There, he and I performed many unusual scientific experiments—including efforts at remote viewing and attempts to generate infrasonic 4-8hz sound waves (much too low to be audible, but the body knows they’re out there, count on it), which were rumored to have all sorts of physical effects. There is some research that suggests one such low tone (the infamous “brown note”) can convince your bowels to evacuate spontaneously. Other tones could put you to sleep. And others could conceivably kill you. It is my recollection we were after the sleep/relaxation component—as that sounds more our speed.
Anyway, that’s who Allen is. We’re still friends and we’ve kept in touch (though somewhat sporadically) over the years. He’s in Michigan now. So our emails and Facebook exchanges are about the extent of our communications nowadays. But we’re both windy writer-types—so brevity is no real obstacle.
Last week Allen sent me this Facebook link
It’s about professor Joe Paradiso who while attending Tufts University in 1973 began work on constructing a synthesizer (now on display in the MIT museum). If you watch this video, you can see what synthesizers were like, back then. They really lived up to the futuristic name. Synthesizer.
It was all cables and jacks, envelope generators and oscillators, and modulators, and waves, and filters. They were amazing devices. Huge. Some took up a whole wall. The one at U of O was massive.
In those days, getting one of the damn contraptions to even make a noise took a lot of effort. The idea of attaching a keyboard to one of them was a bit like trying to extract electricity from a kite. For the longest time, you could only generate one solitary note at a time (monophonic) on a keyboard hooked up to a synthesizer.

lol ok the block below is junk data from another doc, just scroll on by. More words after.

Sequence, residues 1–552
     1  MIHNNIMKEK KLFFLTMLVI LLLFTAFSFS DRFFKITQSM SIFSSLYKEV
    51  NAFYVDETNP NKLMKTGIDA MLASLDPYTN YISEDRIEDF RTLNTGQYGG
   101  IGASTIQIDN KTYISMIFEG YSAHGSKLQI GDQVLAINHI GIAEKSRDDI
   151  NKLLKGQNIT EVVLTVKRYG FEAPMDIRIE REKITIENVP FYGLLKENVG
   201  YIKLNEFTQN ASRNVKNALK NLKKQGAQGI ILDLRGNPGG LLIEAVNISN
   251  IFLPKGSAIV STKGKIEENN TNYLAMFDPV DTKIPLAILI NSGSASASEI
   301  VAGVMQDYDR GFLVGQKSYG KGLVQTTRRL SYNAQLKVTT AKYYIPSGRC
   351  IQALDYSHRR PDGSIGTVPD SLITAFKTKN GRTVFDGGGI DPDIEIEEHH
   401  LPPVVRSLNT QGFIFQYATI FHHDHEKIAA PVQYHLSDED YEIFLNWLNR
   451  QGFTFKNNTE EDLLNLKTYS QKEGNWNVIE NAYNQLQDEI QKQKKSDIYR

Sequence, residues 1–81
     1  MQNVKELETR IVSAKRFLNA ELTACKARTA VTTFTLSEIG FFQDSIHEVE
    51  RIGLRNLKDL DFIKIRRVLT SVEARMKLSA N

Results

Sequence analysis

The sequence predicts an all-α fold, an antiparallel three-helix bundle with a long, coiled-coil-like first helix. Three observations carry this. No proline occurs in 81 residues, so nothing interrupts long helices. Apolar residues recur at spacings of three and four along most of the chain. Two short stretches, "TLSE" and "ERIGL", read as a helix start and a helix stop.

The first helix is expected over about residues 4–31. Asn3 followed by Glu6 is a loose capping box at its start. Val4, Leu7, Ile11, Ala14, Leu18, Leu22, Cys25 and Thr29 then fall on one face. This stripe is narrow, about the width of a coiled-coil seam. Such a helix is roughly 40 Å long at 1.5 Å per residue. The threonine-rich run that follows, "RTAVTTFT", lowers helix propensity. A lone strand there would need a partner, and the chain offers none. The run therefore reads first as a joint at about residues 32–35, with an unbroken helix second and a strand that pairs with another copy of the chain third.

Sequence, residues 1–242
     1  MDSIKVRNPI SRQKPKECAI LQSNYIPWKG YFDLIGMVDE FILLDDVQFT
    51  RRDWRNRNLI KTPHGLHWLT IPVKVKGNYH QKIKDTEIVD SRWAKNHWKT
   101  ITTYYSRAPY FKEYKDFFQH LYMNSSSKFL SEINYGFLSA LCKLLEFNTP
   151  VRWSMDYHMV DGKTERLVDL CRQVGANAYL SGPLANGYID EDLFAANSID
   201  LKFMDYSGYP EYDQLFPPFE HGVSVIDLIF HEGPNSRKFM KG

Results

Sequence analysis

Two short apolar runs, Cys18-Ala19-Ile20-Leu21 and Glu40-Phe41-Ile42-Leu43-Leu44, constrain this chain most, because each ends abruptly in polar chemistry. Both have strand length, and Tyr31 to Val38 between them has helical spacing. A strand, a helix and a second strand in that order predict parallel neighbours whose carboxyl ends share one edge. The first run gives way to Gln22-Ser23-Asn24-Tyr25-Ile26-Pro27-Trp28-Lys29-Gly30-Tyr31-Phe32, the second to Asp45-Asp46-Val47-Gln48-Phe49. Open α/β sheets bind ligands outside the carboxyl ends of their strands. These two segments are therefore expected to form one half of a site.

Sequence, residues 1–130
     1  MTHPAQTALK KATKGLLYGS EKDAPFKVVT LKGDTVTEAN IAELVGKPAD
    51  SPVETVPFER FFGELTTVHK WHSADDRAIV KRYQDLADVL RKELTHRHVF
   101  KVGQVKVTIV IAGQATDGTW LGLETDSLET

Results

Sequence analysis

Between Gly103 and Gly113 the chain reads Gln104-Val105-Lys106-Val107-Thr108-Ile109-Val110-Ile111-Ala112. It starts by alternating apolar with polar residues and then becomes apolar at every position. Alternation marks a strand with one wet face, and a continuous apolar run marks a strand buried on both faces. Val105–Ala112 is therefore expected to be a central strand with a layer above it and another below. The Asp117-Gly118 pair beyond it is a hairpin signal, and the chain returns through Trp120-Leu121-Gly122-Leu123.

Technically, synthesizers had been around for a while. Gee, “musicians” were using tone generators clear back in the 20s. That’s what a theremin is. If you’d like to learn more about the theremin go here to read an article I wrote for Buko magazine about a local surf band that uses one. There’s some history about the instrument there.
Around 1964 Robert Moog emerged as the first developer to create a modular synthesizer that included a keyboard. The set-up was primitive, to say the least, and not at all stable—likely to wander off into oscillatory la la land at the slightest voltage drop. It was in the later-‘60s that Lothar and the Hand People, previously a theremin-based band themselves, started using a Moog Modular system live.
In 1968, a well-known jazz pianist named Dick Hyman (who is still around today at age 85) put out Moog: The Electric Eclectics of Dick Hyman (I guess they had room for longer titles on LPs). That album was something of a precursor to Keith Emerson of Emerson, Lake, and Palmer. Innovative.
About that same time Walter Carlos released the revolutionary Switched On Bach. Carlos could only play one note at a time on his Moog set-up. So he put together his elaborate electronic renditions via multitracking. Laborious, tedious and amazing. An incredible piece of work.
Switched On Bach set the standard for achievement in electronic music for many years to follow. In that time Walter Carlos broke further new ground by initiating hormone treatments in 1967 and living as Wendy Carlos from that time forward.